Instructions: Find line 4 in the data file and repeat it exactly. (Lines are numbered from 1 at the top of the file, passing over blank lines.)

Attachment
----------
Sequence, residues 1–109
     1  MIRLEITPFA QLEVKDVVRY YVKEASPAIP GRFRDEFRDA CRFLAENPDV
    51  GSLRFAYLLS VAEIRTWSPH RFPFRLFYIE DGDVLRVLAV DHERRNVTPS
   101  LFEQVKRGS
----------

   101  LFEQVKRGS